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The market appears to be weakening in advance of Chinese new year, despite a last-minute scramble for air freight. 

Nevertheless, smarter management at airlines could help re-boot their fortunes after any slump.

Last week Chinese data showed that in December, exports fell at the highest monthly pace in two years, down 1.4% since November and 4.4% year-on-year, while imports fell 10% month-on-month.

Chinese factories reportedly have shut before the traditional holiday next month, with the trade war taking the brunt of the blame, but other factors such as rising costs, a bigger domestic market and tightening regulations are also part of the problem. 

However, where once a weak market was the start of a race to the bottom, in terms of air freight rates, a more mature industry now has the ability to re-inflate prices once the market strengthens. 

While the container shipping lines famously struggle to make their rate increases stick, air cargo has moved into a new era. Rates can go up, as well as down.  

“Airlines like ourselves are better prepared for these discussions nowadays; we have got more serious about revenue management and risk versus return,” said Robert van de Weg, vice president sales and marketing for Volga-Dnepr Group. 

“For those that survived the 2008/9 crisis, pricing became much more professionally managed. Ad hoc pricing was always going down.”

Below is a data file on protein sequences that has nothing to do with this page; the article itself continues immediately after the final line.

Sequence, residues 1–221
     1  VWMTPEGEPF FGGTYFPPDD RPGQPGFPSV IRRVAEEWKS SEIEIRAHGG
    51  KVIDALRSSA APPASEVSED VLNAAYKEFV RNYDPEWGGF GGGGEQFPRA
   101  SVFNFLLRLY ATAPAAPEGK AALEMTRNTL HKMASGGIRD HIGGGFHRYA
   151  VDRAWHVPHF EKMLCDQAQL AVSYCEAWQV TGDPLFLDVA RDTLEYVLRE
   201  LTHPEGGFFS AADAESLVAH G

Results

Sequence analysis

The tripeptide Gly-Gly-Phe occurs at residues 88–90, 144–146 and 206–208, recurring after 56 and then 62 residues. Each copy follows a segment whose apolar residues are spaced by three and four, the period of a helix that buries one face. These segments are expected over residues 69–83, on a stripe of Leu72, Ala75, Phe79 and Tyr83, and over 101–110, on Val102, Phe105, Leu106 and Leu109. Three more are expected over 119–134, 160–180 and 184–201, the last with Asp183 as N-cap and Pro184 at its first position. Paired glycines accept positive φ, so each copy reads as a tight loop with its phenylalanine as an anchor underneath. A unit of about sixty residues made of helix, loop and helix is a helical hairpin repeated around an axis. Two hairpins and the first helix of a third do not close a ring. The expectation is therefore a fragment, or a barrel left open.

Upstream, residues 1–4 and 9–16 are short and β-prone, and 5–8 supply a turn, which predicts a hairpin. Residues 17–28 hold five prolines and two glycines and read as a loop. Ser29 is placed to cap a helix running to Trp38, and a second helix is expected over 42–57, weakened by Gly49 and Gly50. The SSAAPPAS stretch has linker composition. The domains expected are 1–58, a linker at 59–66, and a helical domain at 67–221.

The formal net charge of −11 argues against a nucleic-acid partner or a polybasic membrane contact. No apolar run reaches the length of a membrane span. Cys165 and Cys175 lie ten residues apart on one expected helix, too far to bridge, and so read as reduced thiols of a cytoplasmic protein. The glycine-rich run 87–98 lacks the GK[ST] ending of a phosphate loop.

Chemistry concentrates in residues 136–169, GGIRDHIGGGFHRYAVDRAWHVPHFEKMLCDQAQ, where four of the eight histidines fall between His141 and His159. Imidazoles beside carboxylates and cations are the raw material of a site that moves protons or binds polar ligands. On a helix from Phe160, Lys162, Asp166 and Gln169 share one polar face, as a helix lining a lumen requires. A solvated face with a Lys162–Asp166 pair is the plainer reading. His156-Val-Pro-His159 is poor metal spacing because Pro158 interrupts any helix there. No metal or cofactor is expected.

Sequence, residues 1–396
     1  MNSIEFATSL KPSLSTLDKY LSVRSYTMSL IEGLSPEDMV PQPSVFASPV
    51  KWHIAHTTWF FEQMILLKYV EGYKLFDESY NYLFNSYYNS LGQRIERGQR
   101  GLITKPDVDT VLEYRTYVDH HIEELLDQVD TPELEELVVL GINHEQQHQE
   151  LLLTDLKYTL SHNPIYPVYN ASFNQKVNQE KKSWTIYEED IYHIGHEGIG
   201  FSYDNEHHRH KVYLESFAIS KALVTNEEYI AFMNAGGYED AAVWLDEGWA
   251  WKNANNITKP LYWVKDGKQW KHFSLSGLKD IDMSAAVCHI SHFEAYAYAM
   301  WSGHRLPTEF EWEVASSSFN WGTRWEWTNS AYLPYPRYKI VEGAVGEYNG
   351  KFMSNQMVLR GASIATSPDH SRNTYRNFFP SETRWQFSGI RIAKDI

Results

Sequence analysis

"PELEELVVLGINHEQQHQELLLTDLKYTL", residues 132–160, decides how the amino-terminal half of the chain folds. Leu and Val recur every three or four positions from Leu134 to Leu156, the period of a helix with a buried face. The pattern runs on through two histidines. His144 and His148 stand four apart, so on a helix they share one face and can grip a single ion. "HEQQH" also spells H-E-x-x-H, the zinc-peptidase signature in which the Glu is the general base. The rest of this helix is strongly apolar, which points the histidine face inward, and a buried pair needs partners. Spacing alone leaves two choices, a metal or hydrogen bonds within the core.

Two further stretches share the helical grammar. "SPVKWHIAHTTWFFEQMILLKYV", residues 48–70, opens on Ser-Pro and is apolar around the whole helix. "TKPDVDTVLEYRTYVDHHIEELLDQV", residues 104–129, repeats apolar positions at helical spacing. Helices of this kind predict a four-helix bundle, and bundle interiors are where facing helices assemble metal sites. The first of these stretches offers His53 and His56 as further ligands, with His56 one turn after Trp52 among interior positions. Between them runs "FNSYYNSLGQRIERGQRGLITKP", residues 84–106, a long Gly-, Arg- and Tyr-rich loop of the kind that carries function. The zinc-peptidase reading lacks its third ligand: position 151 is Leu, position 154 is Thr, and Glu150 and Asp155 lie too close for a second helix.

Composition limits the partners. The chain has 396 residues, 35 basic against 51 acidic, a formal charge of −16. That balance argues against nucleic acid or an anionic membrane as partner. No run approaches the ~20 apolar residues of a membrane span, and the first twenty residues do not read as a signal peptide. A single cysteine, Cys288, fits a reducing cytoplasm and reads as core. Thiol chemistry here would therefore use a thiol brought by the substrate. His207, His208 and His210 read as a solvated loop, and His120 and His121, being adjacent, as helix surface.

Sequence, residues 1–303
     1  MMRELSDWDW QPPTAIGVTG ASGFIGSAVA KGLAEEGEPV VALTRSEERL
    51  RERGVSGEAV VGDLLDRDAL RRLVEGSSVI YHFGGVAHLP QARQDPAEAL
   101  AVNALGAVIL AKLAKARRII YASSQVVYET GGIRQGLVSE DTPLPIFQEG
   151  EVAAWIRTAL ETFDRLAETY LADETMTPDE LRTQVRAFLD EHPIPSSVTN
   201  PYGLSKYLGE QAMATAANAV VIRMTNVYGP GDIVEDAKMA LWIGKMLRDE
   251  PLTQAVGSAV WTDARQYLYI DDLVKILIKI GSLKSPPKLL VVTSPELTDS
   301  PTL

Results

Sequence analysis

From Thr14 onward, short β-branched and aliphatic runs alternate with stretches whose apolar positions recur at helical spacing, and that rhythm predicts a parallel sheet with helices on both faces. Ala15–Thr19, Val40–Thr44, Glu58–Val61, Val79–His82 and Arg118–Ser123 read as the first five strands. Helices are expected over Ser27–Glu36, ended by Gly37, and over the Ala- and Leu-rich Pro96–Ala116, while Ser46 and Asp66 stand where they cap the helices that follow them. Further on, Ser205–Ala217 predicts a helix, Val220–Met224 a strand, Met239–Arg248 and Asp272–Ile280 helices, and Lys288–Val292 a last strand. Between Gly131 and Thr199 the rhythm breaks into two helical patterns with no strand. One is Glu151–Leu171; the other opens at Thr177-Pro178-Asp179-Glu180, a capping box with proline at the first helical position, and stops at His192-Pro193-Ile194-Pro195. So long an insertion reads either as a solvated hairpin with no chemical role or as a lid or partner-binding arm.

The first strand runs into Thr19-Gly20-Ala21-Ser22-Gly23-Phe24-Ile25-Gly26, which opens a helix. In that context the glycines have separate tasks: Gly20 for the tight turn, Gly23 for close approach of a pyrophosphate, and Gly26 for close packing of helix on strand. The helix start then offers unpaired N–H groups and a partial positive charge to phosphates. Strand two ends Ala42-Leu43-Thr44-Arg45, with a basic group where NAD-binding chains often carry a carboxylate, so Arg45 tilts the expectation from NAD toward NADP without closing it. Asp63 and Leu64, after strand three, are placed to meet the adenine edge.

“But when the market is strong, you have to have the curve up the other way. Air cargo sales people have learned to manage upward pricing better if the market justifies that, like forwarders had to learn that too, to have supply/demand-driven discussions with their shippers. It’s become more professional and it’s essential for survival in this volatile world.” 

With a few potential ‘bright’ spots on the horizon – which in air cargo terms means potential chaos (Brexit, new tariffs, shifting sourcing) – a weak market now doesn’t necessarily mean a weak year ahead. 

“People are getting smarter and anticipating peaks, and avoiding them to get year-round business,” said one air freight forwarder.  

“The shipping lines have different drivers, as they do direct business with shippers who don’t rely on logistics as their main revenue stream. But airlines have to negotiate more than the lines, as their main customer base relies on the freight market to make a return, which the shippers don’t. They have become a lot smarter.” 

A deeper relationship also helps both parties iron out volatility creating a longer-term benefit.  

“True revenue management capability is essential,” Richard Forson, chief executive of Cargolux, told The Loadstar last month. “But we are also talking with forwarders to over the longer term, to take out some of the volatility for both of us. And forwarders are thinking in much longer term.” 

He added that his customers are aware of the investment required for freighters and that “airlines need to earn a certain level of income to retain the stability of supply – shippers and forwarders realise that.  

“Airlines have to make a huge investment. If we can get some of the volatility out of the industry, there will be more opportunities in the longer term.” 

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